There are signs that women are making progress in shrinking the employment gender gap within the tech industry, but there is much more to be done before parity is reached.
A recent report from Deloitte Global’s research arm found there will be 33% overall female representation in workforces among large global technology firms in 2022, a rise of two percentage points over the past three years. One tech executive has her own advice for women considering entry into the field.
“For anyone who wants to get into tech, or even switch careers, there’s just a couple of words of advice that I have: just start,” said Rachel Mushahwar (pictured, center), managing director of the Americas channel and partner sales at Amazon Web Services Inc. “Because sometimes later becomes never. Fuel you passion, be curious, think about new things, and just start.”
Mushahwar spoke with theCUBE industry analyst Lisa Martin at AWS re:Invent, during an exclusive broadcast on theCUBE, SiliconANGLE Media’s livestreaming studio. She was joined by Charu Kapur (pictured, right), president and chief revenue officer at NTT Data Corp., and Jumi Barnes (pictured, left), managing director of investment banking digital platform engineering at Goldman Sachs & Co. LLC, and they discussed opportunities and challenges for women in the tech industry today. (* Disclosure below.)
For Barnes, the start came with a realization created from her first position working in a non tech environment. She saw firsthand the opportunity that came with technology’s ability to transform industries.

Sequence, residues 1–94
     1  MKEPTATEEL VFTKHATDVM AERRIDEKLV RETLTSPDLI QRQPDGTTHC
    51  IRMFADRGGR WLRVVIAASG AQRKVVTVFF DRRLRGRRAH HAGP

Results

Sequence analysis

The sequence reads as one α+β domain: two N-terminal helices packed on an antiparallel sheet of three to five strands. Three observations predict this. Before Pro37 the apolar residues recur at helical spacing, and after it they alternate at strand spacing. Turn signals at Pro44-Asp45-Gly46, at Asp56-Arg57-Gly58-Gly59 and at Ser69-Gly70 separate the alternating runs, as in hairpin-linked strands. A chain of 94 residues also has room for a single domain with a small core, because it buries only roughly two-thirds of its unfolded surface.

“I landed my first job at a real estate agency, and everything was being done manually on paper,” Barnes said. “Technology can bring transformation anywhere and everywhere. It’s about pursuing your passion and identifying which aspects of technology pique your interest and then diving in.”
The executives noted that women must still do more to build support networks within the organizations in which they work.
“Very often women don’t invest enough in building that support system around them,” Kapur said. “We really need a team of sponsors who come in and support us in the moment, in the business. Give us the informal channel because very often we’re not plugged into the informal channel, so we don’t get those special projects or assignments or even opportunities to prove that we can do the tough task.”
Here’s the complete video interview, part of SiliconANGLE’s and theCUBE’s coverage of AWS re:Invent:
(* Disclosure: This is an unsponsored editorial segment. However, theCUBE is a paid media partner for AWS re:Invent. Amazon Web Services Inc. and other sponsors of theCUBE’s event coverage have no editorial control over content on theCUBE or SiliconANGLE.)